We usually file additional motions to address issues specific to events leading up to and during your arrest. These can include arguments against the admissibility of evidence.
You will be required to attend with us along with the Prosecuting Attorney, the Arresting and Investigating Officer, and any Witnesses relevant to the Motions. Motions Hearings are either specially set or directly precede the beginning of a trial.
If the Motions Hearing results in a ruling favorable to you, the State may be forced to dismiss some or all of the charges against you.
If the Prosecuting Attorney does not dismiss the charges or allow you to plea to a lesser offense, your case will be placed on a Trial Calendar. You may be placed on call when your court date arrives. This keeps you from having to wait all day at the courthouse. You will need to be ready and available for us to contact you. Your judge will accept no excuse for your tardiness or absence on the day of Trial.
Some courts have a Calendar Call set to determine the readiness of both sides to proceed to trial.
The Trial portion of your case occurs when a satisfactory plea offer or dismissal of your charges cannot be worked out.
There are two types of trials; each with their own pros and cons. You and your lawyer will decide which is most likely to result in the best possible outcome. The primary difference between the two trials is who hears your case and decides the verdict.
- In a Bench Trial, the judge hears arguments from Defense Counsel and the Prosecuting Attorney and is solely responsible for deciding the outcome.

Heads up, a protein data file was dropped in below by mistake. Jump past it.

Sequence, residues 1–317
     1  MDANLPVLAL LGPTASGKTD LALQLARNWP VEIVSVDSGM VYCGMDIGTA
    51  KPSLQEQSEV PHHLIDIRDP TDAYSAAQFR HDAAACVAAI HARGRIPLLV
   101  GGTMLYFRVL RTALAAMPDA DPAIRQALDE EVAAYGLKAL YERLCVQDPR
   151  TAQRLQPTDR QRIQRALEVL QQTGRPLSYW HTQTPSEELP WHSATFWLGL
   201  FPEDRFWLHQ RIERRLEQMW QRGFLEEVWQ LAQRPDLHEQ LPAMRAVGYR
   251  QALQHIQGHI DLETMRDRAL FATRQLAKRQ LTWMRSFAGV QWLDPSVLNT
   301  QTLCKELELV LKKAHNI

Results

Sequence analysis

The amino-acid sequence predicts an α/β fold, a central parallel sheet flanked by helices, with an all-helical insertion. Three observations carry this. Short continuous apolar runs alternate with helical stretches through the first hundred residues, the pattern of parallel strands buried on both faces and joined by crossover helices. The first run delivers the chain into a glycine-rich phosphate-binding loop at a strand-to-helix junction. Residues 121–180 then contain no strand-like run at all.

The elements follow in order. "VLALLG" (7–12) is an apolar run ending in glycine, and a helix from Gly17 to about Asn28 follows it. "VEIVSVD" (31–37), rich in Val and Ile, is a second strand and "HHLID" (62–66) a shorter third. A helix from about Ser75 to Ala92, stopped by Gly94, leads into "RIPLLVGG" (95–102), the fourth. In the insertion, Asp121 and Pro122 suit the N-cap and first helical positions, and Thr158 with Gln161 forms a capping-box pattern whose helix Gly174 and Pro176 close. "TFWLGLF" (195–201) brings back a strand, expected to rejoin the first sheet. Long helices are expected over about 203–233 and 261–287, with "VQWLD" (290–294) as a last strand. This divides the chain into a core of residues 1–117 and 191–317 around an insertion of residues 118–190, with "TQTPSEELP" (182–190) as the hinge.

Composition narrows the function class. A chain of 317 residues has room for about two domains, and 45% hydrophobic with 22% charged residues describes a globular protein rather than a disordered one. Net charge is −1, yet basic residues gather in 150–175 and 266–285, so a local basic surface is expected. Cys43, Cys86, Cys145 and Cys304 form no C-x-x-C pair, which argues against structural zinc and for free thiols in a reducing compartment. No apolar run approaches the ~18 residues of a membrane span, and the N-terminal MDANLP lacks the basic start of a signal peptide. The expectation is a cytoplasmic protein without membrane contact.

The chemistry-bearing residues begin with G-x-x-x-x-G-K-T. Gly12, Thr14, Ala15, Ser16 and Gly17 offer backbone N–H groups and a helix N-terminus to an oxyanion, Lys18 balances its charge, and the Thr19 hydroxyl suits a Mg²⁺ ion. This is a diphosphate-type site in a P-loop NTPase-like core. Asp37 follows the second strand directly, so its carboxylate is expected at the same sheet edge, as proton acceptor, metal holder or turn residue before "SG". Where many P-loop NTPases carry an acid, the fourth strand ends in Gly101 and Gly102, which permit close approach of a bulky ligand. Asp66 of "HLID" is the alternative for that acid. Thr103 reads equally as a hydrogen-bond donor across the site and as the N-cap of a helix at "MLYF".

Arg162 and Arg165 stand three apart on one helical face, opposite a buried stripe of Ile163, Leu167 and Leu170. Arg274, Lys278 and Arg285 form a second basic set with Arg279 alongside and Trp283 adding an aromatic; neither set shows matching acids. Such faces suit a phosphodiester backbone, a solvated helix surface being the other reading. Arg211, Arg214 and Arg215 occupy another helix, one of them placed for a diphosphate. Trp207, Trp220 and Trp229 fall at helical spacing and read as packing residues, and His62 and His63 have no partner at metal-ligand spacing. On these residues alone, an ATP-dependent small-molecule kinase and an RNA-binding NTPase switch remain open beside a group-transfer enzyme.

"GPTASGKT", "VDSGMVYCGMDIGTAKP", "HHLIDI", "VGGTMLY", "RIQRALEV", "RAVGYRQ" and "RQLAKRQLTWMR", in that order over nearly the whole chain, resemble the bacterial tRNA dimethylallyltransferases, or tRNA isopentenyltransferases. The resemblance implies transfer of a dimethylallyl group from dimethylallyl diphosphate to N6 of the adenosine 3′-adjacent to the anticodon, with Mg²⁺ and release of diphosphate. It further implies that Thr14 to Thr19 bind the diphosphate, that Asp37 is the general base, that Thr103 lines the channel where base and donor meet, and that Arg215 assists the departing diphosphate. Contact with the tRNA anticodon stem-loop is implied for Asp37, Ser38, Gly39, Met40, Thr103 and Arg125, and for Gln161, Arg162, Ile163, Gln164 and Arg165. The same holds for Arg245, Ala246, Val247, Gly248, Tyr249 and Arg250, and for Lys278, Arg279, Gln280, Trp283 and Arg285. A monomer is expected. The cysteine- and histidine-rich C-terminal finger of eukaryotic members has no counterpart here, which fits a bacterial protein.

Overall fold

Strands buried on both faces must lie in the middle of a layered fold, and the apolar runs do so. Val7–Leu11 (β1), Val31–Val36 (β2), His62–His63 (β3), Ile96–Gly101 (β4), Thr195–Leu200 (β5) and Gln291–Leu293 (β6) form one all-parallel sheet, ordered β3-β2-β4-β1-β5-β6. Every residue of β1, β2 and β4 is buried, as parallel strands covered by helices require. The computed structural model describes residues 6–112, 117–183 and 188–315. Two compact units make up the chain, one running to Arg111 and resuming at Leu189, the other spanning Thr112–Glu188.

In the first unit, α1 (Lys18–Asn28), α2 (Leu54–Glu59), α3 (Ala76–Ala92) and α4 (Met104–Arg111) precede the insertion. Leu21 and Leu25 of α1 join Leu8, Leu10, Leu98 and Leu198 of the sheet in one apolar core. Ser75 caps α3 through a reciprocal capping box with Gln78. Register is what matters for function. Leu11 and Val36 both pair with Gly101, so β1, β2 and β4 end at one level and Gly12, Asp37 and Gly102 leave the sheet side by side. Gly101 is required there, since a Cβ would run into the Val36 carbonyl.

- In a Jury Trial, your case will be argued in front of 6 of your peers in a misdemeanor case and 12 in a felony case.
The Prosecuting Attorney presents the State’s case first and has the burden to prove your guilt. Your lawyer will present your case last.
Witnesses will be called and evidence exhibited. Each side has an opportunity to question (cross-examine) each witness. Your team will meet with all expert and other defense witnesses prior to trial and will help prepare everyone for the type of questions they may be asked.
Closing arguments will be made by both sides. The judge then “charges” (explains the law and the responsibilities) the jury, and they deliberate the case until a verdict is reached. If a Bench Trial, the Judge renders the verdict.
If convicted and depending on the severity of charges, a judge may set sentencing for a separate hearing upon conclusion of the trial.
If convicted, you can file a motion for new trial within 30 days of the sentencing order.
If the motion for new trial is lost, you can file a notice of appeal with the Georgia Court of Appeals. This must be filed within 30 days of the ruling denying the Motion for New Trial or, if such a motion was not filed within 30 days of the sentencing order.